DPH: DPCP Overview

Connecticut Diabetes Prevention and Control Program

LIVE WELL: Chronic Disease and Diabetes Self-Management Programs


People with diabetes that have taken a diabetes self-management education course may also benefit from the LIVE WELL: Chronic Disease Self-Management Program. This class enhances the diabetes specific material in DSME. For more information:

For more information about: Stanford Chronic Disease Self-Management Program

    Or call 1-800-994-9422 to find a class.

Live Well Workshop Brochure

Thousands of adults in Connecticut have been diagnosed with diabetes.  And it's estimated that thousands of others have the disease but do not know it.  Cindy Kozak and Sherry Ostrout talk about diabetes and a program that helps people with diabetes manage their condition.

Diabetes Prevention and Control Program


The mission of the Connecticut Diabetes Prevention and Control Program (DPCP) is to create a comprehensive system of care for the prevention and treatment of diabetes.  Our goal is to reduce the incidence or delay the onset of type 2 diabetes and its complications and enhance the quality of life for people affected by diabetes.


History: Since 1994, with the funding and support of the Centers for Disease Control and Prevention, (CDC), the CT DPCP has worked with partners to increase diabetes awareness to the residents of Connecticut and to provide diabetes information to health care professionals. These efforts are aligned and coordinated with the Ten Essential Public Health Services and the Chronic Care Model.


Program Goals: The Connecticut DPCP serves as a convener of the diabetes public health system. The CT DPCP strives to provide networking opportunities to members of the diabetes system of care in order to examine diabetes issues statewide and to share program successes.

Specific goals are based on priorities established by the CDC and include:

  • Promote awareness of and programs for pre-diabetes among people at high risk for type 2 diabetes
  • Promote participation in American Diabetes Associatin (ADA) recognized  or American of Diabetes Educators (AADE) accredited and/or Stanford licensed diabetes self-management education (DSME) programs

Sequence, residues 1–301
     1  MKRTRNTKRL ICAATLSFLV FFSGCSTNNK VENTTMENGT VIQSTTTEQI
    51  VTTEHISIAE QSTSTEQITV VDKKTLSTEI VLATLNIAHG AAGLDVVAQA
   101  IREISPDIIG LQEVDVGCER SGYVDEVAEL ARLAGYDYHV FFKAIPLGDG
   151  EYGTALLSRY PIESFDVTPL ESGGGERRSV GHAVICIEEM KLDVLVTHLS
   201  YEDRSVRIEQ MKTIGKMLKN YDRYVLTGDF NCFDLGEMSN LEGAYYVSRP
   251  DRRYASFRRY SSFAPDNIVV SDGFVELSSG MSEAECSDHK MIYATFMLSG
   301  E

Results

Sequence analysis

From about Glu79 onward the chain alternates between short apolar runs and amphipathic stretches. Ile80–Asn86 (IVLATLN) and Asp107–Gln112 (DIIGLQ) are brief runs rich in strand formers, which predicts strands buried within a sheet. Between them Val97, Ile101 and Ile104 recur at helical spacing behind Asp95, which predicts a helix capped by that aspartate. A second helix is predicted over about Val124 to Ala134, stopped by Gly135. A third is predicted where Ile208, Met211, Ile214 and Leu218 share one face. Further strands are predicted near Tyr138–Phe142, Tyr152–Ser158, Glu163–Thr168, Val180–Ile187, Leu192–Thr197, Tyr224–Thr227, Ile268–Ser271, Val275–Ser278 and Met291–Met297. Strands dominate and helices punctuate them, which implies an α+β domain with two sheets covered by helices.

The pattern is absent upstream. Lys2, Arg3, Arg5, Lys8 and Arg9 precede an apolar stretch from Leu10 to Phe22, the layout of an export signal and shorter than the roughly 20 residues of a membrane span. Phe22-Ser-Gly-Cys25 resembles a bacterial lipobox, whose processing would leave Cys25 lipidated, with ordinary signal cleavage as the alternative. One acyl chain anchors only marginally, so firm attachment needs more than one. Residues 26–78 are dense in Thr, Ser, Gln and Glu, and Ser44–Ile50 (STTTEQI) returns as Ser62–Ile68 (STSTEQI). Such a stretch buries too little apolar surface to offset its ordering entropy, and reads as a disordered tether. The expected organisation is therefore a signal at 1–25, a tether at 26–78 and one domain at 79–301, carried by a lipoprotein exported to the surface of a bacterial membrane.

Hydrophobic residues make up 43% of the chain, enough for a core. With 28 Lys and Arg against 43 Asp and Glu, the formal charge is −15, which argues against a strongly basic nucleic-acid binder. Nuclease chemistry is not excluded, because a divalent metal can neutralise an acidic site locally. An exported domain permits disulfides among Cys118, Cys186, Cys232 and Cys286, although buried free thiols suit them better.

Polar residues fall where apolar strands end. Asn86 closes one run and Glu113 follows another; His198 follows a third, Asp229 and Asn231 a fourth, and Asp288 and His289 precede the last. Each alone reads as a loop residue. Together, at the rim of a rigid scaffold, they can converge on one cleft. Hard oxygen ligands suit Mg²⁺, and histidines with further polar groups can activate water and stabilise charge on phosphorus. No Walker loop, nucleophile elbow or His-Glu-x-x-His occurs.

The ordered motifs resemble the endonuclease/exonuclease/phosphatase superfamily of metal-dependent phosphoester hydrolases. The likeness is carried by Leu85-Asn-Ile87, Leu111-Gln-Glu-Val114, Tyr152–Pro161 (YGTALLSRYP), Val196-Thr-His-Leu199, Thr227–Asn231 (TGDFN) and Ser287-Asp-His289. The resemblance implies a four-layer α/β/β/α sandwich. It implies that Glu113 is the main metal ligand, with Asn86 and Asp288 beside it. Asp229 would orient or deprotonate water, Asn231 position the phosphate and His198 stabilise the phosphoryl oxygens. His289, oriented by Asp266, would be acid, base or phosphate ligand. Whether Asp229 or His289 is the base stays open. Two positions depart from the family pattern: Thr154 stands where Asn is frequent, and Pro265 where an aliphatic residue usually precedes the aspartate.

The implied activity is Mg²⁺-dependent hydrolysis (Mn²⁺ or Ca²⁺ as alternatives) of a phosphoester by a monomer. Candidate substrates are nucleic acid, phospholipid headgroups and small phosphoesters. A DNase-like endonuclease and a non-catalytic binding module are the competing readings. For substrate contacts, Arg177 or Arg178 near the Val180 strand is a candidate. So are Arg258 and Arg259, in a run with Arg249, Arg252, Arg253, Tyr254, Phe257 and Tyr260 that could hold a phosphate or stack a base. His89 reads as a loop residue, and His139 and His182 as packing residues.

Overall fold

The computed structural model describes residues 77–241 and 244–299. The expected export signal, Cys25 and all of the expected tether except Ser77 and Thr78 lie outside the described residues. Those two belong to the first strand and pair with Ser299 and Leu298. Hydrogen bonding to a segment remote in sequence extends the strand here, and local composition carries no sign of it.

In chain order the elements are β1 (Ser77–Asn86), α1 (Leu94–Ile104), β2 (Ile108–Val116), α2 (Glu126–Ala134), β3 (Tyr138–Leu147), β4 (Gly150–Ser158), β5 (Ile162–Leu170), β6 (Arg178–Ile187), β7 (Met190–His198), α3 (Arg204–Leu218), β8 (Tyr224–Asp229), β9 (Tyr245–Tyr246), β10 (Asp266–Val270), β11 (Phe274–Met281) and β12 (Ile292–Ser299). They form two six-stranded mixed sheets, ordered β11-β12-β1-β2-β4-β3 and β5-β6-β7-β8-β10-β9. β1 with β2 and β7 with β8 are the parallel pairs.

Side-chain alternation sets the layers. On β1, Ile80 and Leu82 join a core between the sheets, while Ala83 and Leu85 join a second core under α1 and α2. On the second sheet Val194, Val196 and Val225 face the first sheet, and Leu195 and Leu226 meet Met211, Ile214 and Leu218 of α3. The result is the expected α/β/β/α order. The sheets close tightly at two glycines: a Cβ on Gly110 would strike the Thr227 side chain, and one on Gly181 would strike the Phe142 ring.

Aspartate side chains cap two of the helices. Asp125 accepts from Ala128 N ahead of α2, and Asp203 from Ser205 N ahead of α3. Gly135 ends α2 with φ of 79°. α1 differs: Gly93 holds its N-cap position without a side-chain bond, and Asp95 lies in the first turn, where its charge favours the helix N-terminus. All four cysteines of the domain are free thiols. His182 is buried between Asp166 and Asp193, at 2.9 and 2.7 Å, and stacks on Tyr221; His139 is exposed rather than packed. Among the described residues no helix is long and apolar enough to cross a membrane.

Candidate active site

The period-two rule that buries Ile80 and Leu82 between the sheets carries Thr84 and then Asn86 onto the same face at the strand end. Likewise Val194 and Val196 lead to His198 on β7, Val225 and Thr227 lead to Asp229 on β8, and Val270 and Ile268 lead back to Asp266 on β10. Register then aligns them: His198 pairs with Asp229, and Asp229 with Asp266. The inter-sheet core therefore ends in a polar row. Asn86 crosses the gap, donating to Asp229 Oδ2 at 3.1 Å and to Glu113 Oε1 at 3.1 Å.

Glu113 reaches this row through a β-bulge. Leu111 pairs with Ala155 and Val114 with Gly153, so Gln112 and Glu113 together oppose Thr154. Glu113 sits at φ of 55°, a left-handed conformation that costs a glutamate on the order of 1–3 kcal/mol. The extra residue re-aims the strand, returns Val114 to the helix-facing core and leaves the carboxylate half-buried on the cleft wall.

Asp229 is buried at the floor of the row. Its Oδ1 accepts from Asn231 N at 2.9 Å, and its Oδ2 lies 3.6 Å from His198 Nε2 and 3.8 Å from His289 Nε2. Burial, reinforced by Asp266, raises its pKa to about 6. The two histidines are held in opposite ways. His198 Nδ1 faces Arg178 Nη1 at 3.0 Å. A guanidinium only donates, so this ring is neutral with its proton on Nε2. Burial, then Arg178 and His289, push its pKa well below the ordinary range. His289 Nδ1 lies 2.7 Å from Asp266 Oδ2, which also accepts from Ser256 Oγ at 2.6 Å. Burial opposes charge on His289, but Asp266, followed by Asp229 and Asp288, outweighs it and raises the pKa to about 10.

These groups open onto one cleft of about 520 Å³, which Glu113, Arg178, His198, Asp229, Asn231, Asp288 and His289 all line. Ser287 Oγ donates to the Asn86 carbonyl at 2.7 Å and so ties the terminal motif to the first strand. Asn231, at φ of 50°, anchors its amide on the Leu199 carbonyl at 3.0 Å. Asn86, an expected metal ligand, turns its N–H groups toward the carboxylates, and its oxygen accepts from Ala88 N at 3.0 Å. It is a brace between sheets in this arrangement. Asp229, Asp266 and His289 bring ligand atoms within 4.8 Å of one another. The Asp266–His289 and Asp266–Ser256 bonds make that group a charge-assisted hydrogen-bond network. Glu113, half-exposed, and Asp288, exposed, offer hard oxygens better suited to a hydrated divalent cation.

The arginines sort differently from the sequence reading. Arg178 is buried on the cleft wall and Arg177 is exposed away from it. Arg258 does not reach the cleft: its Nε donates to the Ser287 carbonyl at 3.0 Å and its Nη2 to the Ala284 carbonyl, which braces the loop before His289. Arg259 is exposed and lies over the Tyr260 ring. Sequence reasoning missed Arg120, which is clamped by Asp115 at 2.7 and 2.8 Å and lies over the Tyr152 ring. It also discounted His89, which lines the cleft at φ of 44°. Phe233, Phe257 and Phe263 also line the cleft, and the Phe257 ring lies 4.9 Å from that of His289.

• Increase use of chronic disease self-mangement programs in community settings


Administrative goals for the DPCP include:
  • Collaboration and coordination with other chronic disease programs.
  • Provision of training and technical assistance to health care workers, community based organizations and others working on diabetes projects and policy.
  • Promotion of social, environmental and systems approaches to diabetes prevention and control.
The CT DPCP goals and work plan are aligned with priorities of the CDC

Division of Diabetes Translation.  These include:

  • Improve access to effective lifestyle interventions.
  • Increase diabetes preventive behaviors.
  • Enhance community and environmental strategies to prevent diabetes.
  • Improve the health behavior and self management practices of people with diabetes.
  • Enhance the access and delivery of effective preventive healthcare services.
  • Improve community and environmental strategies to support people with diabetes.
  • Improve the science of health and healthcare disparities related to diabetes.
  • Prioritize and disseminate public health strategies to eliminate disparities.
  • Build capacity for communication, evaluation, marketing, policy, and partnerships.
Diabetes Statistics Overview in Connecticut
An estimated 8.9% of the Connecticut adult population or approximately 257,000 adults age 18 years and older have been diagnosed with diabetes (2012-2014 data).  Additionally, it is estimated that 83,000 Connecticut adults have undiagnosed diabetes.

Approximately 79 million Americans (or 35% of U.S. adults aged 20 and older) have prediabetes.  When this national percentage is applied to Connecticut’s population, more than 930,000 Connecticut adults aged 20 years and older are estimated to have prediabetes.